Nilgiri Mountain Railway train waits to depart from Ketti Station. The locomotive is No.37384. 26th February 2005 Photographer - A.M.Hurrell Camera - Minolta X700 (35mm film)

The Toy Train That Runs From Ooty to Coonoor

Ever since Shahrukh Khan danced atop a train for the famous song, Chhaiya Chhaiya from the movie Dil Se, toy trains have created a romantic idea of a train journey through the hills for me. When I recently got a chance to travel in the Nilgiri Mountain Railway that runs from Ooty or Udhagamandalam to Mettupalayam in Tamil Nadu, I felt like that childish romantic ideal was coming true.

 

I have travelled on the Neral Matheran toy train before as a child. Matheran is a cosy hill station close to Mumbai. That delight experienced was altogether different back then as I was only a kid who was simply excited by any prospect of travel, any prospect of being away from home and homework! Now, all grown up and supposedly an adult, travelling in a toy train is like bringing out, to be very clichéd, the inner child in you, to have the luxury of marveling at the train and its compartments itself, at the lush views and the fragrant eucalyptus forests; to stick your head your head out like a fearless child for a quintessential toy train photo while feeling the cool breeze graze your cheek.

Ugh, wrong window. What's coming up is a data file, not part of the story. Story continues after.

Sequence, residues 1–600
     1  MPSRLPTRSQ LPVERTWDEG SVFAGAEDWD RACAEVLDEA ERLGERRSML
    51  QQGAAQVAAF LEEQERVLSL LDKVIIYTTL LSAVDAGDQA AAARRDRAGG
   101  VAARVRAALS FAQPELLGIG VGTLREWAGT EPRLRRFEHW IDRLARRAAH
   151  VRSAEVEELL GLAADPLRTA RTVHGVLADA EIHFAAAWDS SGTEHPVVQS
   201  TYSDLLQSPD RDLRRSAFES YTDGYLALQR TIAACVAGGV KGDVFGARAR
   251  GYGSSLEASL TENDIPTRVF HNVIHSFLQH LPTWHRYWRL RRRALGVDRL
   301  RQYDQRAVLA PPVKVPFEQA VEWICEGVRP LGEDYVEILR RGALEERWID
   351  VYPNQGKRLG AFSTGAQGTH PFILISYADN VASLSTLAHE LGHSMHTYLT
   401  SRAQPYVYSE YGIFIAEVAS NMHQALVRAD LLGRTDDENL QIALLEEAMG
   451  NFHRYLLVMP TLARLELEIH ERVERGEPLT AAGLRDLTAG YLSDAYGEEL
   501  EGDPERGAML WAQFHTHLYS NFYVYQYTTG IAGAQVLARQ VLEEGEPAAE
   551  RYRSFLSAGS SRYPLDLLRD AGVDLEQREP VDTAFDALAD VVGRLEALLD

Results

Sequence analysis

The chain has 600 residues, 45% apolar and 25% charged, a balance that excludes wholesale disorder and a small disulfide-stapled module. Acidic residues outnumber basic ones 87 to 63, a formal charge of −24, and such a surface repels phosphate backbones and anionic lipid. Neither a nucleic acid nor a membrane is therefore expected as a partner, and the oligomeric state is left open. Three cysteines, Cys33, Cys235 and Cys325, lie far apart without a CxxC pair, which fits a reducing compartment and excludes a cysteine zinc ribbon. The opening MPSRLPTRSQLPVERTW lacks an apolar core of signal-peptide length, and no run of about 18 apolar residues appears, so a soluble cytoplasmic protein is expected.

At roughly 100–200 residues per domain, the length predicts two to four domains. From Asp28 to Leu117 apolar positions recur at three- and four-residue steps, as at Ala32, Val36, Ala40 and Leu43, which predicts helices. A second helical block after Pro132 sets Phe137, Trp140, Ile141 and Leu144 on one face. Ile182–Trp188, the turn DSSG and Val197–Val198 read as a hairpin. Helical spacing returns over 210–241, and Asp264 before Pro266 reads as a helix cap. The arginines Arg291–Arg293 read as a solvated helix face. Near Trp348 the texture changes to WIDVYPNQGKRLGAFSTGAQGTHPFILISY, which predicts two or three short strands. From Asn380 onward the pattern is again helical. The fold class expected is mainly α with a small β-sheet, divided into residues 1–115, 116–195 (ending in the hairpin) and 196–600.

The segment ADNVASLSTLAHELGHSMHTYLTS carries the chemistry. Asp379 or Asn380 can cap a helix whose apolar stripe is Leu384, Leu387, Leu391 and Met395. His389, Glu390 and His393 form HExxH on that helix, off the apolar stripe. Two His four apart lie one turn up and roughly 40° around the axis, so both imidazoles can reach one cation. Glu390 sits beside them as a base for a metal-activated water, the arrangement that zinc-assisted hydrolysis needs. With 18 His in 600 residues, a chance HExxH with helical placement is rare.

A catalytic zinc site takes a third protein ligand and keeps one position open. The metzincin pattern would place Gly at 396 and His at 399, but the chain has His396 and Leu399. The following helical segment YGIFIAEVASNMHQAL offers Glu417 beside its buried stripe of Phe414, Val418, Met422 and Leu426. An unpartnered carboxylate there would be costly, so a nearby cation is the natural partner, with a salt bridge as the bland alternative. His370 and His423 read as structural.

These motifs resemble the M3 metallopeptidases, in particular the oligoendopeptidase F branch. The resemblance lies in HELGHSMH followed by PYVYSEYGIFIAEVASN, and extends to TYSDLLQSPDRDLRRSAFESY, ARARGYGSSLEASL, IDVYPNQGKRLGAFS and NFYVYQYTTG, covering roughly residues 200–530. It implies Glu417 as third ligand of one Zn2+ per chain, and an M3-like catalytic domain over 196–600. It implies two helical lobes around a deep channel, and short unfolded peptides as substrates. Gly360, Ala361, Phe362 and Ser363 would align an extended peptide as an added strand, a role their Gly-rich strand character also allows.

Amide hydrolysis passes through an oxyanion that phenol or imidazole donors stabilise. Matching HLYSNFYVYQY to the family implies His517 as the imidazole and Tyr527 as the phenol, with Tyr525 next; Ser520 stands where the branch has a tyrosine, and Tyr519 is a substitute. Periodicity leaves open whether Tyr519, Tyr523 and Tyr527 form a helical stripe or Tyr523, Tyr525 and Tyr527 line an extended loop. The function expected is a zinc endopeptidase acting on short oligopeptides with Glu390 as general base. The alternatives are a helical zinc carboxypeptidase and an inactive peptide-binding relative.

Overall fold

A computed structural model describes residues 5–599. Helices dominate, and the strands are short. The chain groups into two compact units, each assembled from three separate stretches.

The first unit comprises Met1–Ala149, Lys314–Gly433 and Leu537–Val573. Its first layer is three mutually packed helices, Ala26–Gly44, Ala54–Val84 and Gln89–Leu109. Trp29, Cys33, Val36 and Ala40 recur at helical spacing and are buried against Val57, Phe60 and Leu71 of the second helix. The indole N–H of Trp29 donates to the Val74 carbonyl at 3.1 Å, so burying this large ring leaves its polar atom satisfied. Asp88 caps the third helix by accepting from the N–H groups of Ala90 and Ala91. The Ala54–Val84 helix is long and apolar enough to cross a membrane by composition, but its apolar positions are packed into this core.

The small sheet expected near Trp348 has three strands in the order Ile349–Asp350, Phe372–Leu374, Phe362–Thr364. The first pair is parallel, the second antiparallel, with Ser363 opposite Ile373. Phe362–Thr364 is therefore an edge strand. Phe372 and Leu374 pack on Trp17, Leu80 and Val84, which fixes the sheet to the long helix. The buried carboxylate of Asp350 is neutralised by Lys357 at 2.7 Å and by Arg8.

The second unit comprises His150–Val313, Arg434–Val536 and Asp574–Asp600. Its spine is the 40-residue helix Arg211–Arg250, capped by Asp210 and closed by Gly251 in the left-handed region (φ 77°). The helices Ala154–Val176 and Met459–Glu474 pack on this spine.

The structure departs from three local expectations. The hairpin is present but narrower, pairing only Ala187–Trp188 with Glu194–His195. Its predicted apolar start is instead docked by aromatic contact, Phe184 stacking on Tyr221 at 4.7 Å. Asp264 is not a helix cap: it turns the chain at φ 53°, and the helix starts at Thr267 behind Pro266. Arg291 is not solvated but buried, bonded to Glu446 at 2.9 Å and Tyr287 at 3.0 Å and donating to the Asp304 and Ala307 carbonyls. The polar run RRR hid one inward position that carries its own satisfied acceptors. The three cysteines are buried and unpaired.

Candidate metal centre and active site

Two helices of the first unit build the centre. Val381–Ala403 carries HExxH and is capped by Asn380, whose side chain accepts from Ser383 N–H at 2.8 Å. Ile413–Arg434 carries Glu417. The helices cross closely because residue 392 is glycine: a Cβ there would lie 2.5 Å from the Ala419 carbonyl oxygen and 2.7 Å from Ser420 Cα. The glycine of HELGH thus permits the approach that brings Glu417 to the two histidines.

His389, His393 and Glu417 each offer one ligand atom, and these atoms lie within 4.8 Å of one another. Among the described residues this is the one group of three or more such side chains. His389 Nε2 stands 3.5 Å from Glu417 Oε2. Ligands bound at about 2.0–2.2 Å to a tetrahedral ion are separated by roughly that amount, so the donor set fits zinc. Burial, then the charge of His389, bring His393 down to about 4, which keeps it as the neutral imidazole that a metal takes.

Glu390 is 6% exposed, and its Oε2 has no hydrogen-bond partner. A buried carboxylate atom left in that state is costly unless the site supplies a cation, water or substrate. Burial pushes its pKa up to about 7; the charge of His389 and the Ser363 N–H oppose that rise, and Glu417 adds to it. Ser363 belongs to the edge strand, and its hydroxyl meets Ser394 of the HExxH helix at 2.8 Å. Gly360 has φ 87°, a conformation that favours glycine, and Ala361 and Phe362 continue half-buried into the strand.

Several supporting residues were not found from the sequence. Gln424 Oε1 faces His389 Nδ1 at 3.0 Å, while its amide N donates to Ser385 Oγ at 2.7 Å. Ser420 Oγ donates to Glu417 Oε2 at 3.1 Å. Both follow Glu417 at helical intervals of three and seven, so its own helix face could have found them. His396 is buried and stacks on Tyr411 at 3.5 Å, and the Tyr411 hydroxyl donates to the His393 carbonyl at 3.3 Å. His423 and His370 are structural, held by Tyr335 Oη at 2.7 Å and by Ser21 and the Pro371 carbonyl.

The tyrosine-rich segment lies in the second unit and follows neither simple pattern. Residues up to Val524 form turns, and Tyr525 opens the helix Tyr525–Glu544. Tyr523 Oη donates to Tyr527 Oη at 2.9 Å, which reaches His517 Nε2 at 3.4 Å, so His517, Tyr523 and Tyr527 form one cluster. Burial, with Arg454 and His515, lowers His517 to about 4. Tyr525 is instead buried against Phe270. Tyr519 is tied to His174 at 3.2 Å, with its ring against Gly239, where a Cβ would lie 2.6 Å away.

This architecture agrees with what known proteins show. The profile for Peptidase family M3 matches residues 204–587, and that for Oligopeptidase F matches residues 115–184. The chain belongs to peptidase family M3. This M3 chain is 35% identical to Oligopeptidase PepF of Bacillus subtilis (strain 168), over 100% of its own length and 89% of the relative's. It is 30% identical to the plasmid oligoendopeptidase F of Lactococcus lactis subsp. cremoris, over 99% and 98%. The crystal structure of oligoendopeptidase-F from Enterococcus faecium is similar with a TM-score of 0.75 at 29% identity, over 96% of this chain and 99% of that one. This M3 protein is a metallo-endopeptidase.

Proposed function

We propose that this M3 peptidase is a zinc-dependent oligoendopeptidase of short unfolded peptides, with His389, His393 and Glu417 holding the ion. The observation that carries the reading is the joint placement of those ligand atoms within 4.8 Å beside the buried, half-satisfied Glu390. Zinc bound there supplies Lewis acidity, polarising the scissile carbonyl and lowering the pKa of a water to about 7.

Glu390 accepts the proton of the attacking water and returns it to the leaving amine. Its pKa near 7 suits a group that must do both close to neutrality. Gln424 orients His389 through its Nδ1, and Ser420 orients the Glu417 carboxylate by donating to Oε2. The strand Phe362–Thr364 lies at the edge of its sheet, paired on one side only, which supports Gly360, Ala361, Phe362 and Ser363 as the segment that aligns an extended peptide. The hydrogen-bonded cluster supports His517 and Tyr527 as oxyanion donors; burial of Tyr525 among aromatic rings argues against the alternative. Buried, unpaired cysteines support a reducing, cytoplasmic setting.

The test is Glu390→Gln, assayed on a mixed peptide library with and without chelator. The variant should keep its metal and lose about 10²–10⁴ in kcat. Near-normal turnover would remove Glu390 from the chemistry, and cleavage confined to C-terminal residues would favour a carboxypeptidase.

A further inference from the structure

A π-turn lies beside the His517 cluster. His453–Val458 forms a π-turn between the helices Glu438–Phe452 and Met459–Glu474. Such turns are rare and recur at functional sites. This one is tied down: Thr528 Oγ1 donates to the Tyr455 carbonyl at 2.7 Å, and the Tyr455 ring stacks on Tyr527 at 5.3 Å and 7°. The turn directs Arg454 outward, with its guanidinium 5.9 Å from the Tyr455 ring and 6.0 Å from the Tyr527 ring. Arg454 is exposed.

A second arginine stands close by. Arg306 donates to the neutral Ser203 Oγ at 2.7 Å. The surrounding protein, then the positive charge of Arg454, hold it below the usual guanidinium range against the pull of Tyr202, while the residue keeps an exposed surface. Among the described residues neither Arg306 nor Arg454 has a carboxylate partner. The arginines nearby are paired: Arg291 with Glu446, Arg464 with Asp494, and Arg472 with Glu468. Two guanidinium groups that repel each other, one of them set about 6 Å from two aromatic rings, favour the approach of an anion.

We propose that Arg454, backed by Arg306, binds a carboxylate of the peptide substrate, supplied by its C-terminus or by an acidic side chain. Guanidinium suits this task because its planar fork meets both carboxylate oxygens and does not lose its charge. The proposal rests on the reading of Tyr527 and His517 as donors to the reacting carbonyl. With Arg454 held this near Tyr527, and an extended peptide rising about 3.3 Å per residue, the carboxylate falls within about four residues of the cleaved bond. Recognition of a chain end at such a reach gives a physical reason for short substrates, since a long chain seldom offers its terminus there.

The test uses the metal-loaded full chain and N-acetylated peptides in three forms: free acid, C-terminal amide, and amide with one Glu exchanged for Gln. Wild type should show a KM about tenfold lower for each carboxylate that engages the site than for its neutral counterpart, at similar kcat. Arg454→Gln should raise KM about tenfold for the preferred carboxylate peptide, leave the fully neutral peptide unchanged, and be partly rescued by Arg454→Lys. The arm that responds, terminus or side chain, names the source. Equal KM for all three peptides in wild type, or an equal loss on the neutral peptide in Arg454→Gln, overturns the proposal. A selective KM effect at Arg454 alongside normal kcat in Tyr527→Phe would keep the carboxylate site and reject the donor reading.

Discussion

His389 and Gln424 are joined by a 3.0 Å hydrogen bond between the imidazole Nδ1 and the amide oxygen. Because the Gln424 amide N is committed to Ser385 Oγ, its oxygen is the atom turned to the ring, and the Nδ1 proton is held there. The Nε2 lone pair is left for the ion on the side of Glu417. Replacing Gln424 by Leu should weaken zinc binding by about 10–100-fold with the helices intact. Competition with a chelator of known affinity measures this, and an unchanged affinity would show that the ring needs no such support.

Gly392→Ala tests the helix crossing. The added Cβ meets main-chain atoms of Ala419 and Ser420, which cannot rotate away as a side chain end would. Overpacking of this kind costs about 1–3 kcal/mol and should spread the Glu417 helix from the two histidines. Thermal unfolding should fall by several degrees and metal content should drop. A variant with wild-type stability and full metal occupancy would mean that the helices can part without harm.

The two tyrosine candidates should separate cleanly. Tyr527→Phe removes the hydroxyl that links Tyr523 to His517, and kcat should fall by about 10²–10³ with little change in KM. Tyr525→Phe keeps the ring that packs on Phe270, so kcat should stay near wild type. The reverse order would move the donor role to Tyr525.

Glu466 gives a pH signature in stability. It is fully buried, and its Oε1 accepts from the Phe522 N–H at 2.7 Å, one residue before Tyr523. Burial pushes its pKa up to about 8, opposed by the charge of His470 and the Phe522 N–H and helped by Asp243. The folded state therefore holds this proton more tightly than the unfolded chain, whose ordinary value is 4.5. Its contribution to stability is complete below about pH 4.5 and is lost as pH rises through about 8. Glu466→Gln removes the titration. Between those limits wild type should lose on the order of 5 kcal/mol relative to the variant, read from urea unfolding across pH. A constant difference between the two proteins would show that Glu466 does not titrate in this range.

Perhaps simply the word, toy train, is supposed to help us channelize our hidden childlike wonder!

 

1024px-Udhagamandalam_or_Ooty_railway_station_14.jpg
Ooty railway station in Nilgiri Mountain Railway, Tamil Nadu | Credit – Pinakpani

 

While I remember being utterly awestruck when travelling in the Matheran toy train because it was so different from the trains we are used to traveling in, part of my reaction to travelling in the Nilgiri Mountain Railway also included absorbing the historical tidbits of the train and the colonial stations it winds its way through.